Mayo Clinic Development: Device May Help Parkinson’s Patients Walk

Posted by: The Bristal

Parkinson’s disease (PD) has become the second most common neurodegenerative disorder in the U.S. One million people in this country live with the disease and 60,000 more are diagnosed with it each year. Parkinson’s is the 14th leading cause of death in the United States. Alzheimer’s disease is the only neurodegenerative disease that leads to more deaths than PD. That is why a new laser device developed by researchers at the Mayo Clinic’s Jacksonville, Florida site is of so much interest to so many.

What causes walking to be difficult for those with Parkinson’s disease?

One of the most frustrating struggles people living with Parkinsons’ eventually face is simply trying to walk. As the disease progresses, people with PD must try to maintain their mobility as their legs become stiffer and their stride becomes shorter. They find themselves unable to control their own muscles.

Parkinson’s causes dopamine, a key chemical in the brain, to become depleted. The loss of dopamine can lead to damage in the basal ganglia area of the brain. This is the area of the brain that is responsible for automatic movements and the tasks we do without thinking throughout the day. These include activities like standing up, walking, or getting out of bed. The damage to this area of the brain results in stiff muscles, involuntary movements, and problems with balance.

Using a mobile laser device to help Parkinson’s patients walk

Dr. Jay Van Gerpen of the Mayo Clinic found a way to help people walk by looking at what researchers as far back as the 1960s have noticed about Parkinson’s patients. That is, when people with PD followed visual cues such as white lines marked on a dark floor, they could lengthen their stride and walk more normally. The lines seemed to help patients overcome the deficits created by the damage that the disease causes on the basal ganglia of the brain and the resulting loss of muscle control. It is believed this occurs because movements linked to visual cues are processed through the brain differently than those tasks we do automatically.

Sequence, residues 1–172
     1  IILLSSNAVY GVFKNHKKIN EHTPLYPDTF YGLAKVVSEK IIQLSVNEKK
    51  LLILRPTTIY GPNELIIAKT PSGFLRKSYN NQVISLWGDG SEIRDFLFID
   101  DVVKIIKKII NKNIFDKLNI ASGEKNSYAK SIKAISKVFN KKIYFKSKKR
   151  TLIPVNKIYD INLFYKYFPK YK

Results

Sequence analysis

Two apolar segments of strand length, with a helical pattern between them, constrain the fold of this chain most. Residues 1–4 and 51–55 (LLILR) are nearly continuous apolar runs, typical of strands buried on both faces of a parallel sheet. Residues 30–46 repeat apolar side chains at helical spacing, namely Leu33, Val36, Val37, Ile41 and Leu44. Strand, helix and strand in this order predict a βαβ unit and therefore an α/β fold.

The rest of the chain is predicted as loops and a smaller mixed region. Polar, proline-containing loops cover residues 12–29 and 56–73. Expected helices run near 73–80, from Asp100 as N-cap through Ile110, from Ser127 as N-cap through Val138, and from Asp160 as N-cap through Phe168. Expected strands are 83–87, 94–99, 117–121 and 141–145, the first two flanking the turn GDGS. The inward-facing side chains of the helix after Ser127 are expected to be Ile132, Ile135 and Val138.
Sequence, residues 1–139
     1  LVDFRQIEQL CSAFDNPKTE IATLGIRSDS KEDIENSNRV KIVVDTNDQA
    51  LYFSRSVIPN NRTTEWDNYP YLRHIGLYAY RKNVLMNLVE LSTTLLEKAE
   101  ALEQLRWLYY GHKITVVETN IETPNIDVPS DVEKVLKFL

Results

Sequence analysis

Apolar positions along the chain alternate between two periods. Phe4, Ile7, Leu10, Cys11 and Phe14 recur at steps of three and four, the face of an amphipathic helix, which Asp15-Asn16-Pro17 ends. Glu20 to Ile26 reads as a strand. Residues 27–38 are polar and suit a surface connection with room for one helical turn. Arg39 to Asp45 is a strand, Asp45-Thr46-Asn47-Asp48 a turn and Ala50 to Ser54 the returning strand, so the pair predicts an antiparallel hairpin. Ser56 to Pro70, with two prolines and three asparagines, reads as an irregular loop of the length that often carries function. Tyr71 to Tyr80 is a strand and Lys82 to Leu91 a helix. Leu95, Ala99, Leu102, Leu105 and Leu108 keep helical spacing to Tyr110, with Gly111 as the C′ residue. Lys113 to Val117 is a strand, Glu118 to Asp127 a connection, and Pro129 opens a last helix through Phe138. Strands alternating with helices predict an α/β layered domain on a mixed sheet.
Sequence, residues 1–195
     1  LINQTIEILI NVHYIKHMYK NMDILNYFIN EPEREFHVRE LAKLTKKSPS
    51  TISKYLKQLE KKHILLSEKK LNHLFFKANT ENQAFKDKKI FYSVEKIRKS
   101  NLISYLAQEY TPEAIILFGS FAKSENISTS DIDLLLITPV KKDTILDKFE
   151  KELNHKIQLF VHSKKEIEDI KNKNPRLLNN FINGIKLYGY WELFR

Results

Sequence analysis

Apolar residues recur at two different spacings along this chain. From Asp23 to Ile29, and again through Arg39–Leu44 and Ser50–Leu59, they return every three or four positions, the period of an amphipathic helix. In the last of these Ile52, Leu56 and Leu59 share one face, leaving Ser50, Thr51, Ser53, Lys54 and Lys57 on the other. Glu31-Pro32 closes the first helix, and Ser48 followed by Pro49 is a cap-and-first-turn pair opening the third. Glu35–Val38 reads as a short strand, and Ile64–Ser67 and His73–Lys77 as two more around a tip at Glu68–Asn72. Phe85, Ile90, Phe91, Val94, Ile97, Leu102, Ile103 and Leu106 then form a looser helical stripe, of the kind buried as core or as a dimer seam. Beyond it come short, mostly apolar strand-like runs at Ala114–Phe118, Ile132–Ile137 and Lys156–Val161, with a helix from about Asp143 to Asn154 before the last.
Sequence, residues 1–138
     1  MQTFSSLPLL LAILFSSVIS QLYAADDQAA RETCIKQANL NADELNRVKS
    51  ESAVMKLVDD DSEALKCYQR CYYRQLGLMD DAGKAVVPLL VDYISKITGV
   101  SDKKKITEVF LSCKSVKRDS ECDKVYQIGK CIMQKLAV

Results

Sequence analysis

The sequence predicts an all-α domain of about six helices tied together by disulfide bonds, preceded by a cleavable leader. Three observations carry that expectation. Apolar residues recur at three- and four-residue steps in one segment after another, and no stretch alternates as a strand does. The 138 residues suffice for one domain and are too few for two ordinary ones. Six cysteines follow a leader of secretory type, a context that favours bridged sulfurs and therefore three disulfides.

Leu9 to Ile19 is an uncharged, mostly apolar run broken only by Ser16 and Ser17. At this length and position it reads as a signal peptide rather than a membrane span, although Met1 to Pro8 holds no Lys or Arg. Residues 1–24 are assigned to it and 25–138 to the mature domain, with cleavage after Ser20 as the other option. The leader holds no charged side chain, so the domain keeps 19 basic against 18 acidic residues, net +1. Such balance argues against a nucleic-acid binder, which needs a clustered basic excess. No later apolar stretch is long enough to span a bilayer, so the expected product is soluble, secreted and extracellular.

Recognizing that everyday life doesn’t come with white lines marked on the floor, Dr. Van Gerpen began to explore the idea of using lasers to mimic the lines. He calls his device, “The Mobilaser.” The laser device attaches to a walker or a cane and sends a beam of light for patients to follow. The visual cue, the red laser line, essentially re-routes the signals in the brain. So, instead of trying to use the damaged primary motor cortex of the brain to signal the body to walk, the laser’s red line provides the person with a visual cue to follow. The task of following the red line sends the brain a different signal and utilizes an area of the brain that is still working well.

Dr. Bryan Klaussen, a movement disorders neurologist at the Mayo Clinic, explains how easy it is for patients to use the laser device. “It makes a line appear on the floor as they’re using their walker so they can see that and step toward it as they’re moving. It’s really as simple as that.”

Video shows how the laser device helps a PD patient walk

This video shows Wayne Puckett, a patient of Dr. Van Gerpen’s at the Mayo Clinic, walking with the help of the new laser attached to his walker. Prior to using the laser, Mr. Puckett was wheelchair bound. Initially more than a little skeptical about the idea of a laser helping him walk, Puckett is now a believer.

While the device hasn’t proven as successful for everyone as it has for Mr. Puckett, it has delivered promising results for many. Dr. Klaussen sums up the success of the new device in saying, “It’s kind of a trick you’re using to trick the brain into working better.”

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